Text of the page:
Better Alternatives to Incognito Mode
What should you use instead of the Incognito Mode or private browsing if you want to keep your browsing activity private both locally and online: Tor or private browsing mode with a VPN.
VPNs or Virtual Private Networks were designed to encrypt network traffic by masking your ISP-assigned IP address and changing your location to another part of the world. VPN is often used to access geo-restricted content on popular streaming sites on the Internet and bypass geo-located censorship.
Tor also masks your IP address and keeps your online activity private but uses a totally different protocol to do so. While you can use TOR as a regular browser, it is more suitable for accessing the dark web, a network of unindexed websites that are inaccessible the usual way.
Tor is safer but more purpose-driven. It is also much slower, while VPN is general purpose and faster. For details on how these services work and differ, read our comparison of Tor and VPN.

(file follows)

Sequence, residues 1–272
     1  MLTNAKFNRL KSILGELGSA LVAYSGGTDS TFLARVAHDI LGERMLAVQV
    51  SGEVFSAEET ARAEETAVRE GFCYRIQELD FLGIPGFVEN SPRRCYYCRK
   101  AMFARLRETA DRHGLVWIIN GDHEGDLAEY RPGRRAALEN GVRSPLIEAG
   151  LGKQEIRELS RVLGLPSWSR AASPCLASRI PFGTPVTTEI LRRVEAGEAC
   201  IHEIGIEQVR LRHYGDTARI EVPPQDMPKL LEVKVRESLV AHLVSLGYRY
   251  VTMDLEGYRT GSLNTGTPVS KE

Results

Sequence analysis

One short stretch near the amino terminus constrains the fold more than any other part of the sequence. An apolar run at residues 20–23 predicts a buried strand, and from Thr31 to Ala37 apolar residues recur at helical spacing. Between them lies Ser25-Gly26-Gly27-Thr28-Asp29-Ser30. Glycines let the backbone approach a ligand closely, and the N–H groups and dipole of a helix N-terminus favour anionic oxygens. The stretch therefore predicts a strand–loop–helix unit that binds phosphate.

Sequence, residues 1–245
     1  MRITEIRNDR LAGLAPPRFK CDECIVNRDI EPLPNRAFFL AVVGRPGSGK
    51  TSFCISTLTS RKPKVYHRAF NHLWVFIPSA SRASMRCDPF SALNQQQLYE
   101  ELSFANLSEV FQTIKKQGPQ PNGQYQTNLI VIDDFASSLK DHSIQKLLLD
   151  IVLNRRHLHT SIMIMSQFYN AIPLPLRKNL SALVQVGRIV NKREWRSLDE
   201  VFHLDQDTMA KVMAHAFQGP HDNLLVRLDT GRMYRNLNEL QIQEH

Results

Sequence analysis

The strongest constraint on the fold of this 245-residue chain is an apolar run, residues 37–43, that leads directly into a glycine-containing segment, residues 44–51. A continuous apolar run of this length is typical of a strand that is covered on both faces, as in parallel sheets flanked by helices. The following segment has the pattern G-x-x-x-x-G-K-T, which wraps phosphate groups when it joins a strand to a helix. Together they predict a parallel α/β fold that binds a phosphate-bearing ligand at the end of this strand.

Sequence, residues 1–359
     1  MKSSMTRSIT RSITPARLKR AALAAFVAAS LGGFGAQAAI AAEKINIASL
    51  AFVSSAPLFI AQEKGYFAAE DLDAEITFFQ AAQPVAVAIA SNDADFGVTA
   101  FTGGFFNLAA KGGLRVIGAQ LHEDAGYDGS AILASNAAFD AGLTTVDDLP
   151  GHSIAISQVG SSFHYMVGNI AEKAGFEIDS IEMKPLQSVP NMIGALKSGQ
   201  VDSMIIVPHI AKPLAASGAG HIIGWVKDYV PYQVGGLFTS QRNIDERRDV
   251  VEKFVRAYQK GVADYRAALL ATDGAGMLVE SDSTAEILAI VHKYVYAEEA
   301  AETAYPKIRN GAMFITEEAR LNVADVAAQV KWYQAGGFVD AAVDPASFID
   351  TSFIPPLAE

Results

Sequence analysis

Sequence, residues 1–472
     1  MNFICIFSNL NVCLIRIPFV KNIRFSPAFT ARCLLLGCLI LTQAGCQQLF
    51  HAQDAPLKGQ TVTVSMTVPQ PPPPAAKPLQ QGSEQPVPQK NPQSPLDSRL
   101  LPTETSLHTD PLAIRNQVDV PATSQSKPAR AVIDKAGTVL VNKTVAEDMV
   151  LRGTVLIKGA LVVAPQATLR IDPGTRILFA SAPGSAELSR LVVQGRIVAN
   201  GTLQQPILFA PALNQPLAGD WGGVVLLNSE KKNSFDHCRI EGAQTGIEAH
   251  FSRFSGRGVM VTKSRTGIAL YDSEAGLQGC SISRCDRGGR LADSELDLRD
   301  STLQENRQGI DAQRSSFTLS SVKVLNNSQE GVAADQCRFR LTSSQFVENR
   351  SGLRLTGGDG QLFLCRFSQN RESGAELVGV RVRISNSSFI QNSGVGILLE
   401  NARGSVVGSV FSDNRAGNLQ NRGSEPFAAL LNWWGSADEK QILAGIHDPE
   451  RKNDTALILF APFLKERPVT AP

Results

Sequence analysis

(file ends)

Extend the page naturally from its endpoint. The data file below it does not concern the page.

Frequently Asked Questions
1. Can I open more than one Incognito window?
Yes. You can open multiple, separate Incognito windows, but they remain part of the same private browsing session. You will need to close all Incognito Mode browser windows to close the session for good.
2. Does Incognito Mode help secure lower prices while booking flights?
Not really. While this belief has persisted over the years, in recent times it has been called out as a myth. Airfare rates are often volatile and vary based on the number of seats available and the demand for them, among other factors.
3. Does Incognito Mode protect my computer from viruses and malware?
No. Your computer can still get infected with malware, viruses, and other forms of online threats. Be careful which websites you visit and files you download while using Incognito Mode.
4. Can you disable the Incognito browsing feature?
In most cases, Incognito browsing is not enabled by default. You need to manually open the browser window in Incognito mode to use private browsing.